When 18-year-old high school student Andrew Lampart went to research conservative views on his school computer for a class debate, he was surprised – and disturbed – to discover that they were blocked.
The blocked sites at Nonnewaug High School in Woodbury, Connecticut, included the websites of the Vatican, the Republic Party, the National Right to Life advocacy group, and the National Rifle Association.
Meanwhile, Lampart had no problem going on to the Democrat Party, Planned Parenthood and LGBT nation websites.
"I knew it was important to get facts for both sides of the case," he told Fox News.
The situation could have been straight out of the recent Christian movie, God is Not Dead, in which an atheist lecturer threatens to fail his Christian student unless he can win a debate – decided by his classmates – about whether God exists or not.
"This is really border line indoctrination," continued Lampart.
"Schools are supposed to be fair and balanced towards all ways of thinking. It's supposed to encourage students to formulate their own opinions. Students aren't able to do that here at the school because they are only being fed one side of the issue."
He complained to his principal and then the superintendent Jody Goeler, who has since said in a statement that the cause was the computer filtering system and that it's being looked into.
"The district is trying to determine the reason for the inconsistency and if the bias is pervasive enough to justify switching to another content filtering provider," said Goeler.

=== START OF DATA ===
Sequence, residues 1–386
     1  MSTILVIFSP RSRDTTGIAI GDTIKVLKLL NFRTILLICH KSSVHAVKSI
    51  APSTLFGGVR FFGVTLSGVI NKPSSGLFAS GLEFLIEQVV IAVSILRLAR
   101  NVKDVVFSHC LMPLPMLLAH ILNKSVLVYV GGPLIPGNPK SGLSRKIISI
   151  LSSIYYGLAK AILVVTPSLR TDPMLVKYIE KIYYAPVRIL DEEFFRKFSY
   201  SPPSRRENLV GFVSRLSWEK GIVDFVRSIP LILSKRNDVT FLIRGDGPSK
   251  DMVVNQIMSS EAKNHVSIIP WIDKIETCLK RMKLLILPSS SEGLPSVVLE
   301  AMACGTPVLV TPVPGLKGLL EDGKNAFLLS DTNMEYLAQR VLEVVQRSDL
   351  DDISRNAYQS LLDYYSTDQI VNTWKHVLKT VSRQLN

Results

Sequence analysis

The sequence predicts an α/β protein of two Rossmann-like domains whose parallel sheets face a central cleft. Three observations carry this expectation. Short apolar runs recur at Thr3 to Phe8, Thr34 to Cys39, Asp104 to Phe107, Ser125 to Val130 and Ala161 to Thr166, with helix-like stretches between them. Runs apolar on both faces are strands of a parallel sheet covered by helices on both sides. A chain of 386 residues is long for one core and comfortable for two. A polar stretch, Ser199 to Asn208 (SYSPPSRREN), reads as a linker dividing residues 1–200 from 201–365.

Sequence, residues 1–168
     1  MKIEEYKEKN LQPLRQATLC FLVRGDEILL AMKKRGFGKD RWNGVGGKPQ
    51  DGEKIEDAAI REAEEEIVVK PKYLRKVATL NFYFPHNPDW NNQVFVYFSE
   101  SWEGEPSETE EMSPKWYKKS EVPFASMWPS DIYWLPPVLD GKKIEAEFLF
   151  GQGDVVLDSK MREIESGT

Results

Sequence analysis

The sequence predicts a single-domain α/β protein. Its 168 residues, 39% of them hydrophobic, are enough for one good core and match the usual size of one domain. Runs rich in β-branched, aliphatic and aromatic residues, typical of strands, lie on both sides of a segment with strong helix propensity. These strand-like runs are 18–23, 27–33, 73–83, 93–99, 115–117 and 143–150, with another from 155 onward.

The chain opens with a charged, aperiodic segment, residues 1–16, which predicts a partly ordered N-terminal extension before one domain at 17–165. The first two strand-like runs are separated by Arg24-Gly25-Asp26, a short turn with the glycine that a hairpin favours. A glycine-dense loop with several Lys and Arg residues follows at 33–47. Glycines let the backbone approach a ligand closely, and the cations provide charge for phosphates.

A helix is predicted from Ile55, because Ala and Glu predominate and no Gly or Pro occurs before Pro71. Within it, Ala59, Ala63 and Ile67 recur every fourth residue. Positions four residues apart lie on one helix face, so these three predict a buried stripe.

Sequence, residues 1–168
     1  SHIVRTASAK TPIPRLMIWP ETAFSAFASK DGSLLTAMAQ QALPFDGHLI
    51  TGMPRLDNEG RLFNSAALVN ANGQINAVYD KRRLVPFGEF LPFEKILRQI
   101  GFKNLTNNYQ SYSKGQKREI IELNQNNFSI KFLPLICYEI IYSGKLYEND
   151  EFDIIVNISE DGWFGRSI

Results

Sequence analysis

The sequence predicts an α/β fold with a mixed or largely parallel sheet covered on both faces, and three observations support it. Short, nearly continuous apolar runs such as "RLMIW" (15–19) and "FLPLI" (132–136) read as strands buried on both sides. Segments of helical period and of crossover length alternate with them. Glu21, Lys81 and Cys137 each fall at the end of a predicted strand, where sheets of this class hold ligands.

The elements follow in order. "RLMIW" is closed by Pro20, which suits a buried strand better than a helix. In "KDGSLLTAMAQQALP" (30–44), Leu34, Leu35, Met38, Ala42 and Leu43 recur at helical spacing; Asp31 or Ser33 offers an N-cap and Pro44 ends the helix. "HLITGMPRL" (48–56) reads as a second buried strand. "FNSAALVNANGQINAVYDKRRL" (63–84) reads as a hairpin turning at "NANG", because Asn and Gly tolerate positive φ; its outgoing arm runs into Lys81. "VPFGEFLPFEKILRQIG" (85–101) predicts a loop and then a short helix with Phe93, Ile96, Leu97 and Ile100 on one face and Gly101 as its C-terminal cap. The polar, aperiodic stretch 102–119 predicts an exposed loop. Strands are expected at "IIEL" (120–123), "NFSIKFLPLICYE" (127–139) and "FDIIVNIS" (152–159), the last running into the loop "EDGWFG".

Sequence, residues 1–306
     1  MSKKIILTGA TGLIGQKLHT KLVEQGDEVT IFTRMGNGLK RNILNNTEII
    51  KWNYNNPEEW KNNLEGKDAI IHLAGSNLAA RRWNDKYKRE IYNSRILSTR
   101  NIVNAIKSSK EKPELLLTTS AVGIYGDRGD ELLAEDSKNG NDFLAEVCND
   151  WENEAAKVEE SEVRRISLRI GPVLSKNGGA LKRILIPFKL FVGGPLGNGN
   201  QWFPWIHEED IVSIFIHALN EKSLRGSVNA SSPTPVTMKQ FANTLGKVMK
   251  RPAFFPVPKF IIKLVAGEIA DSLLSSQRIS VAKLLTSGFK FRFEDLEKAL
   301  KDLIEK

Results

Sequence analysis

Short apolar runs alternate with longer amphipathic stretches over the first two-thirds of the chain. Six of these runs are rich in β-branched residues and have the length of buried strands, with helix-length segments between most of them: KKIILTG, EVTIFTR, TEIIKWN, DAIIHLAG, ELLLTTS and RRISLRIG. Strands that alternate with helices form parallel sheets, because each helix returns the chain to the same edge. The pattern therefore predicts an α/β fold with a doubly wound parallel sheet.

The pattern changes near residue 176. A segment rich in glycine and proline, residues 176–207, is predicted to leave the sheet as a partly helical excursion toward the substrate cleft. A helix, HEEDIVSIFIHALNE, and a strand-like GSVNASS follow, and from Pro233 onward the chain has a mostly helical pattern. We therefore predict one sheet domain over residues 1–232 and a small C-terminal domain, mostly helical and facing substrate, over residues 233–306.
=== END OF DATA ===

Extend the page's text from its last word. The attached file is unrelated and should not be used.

In other words, action may or may not be taken to rectify the imbalance.
Writing in Town Hall , martial artist and actor Norris said the debacle should come as no surprise to anyone.
He suggests the one-sided block is knowingly in place and part of a deliberate attempt to influence the viewpoints of students.
"The problem is not the software but those programming it," he writes.
"As long as you have liberal-minded architects across the spectrum who only want to steer kids in their own particular secular and progressive direction, changing Internet filters all day long isn't going to change the educational outcome; students will be prohibited from conservative education.
"Website accessibility is no different from choosing textbooks or instructors in classes; if liberals are in control, liberalism is the education."
Further down, he writes that an open education should seek as much as possible to present "every side of the coin", regardless of what anyone thinks about the other perspective.
It's for that reason he believes intelligent design and religion should be an "integral part" of every school curriculum.
But Norris doesn't seem to be too optimistic that American education is going to get any more open.
In fact, quite the reverse.
"A high school's prohibiting conservative views isn't shocking to any of us who for decades have watched the dilapidating state of public education," he says pessimistically.
"It's just one more sign that public schools are little more than secular progressive indoctrination camps."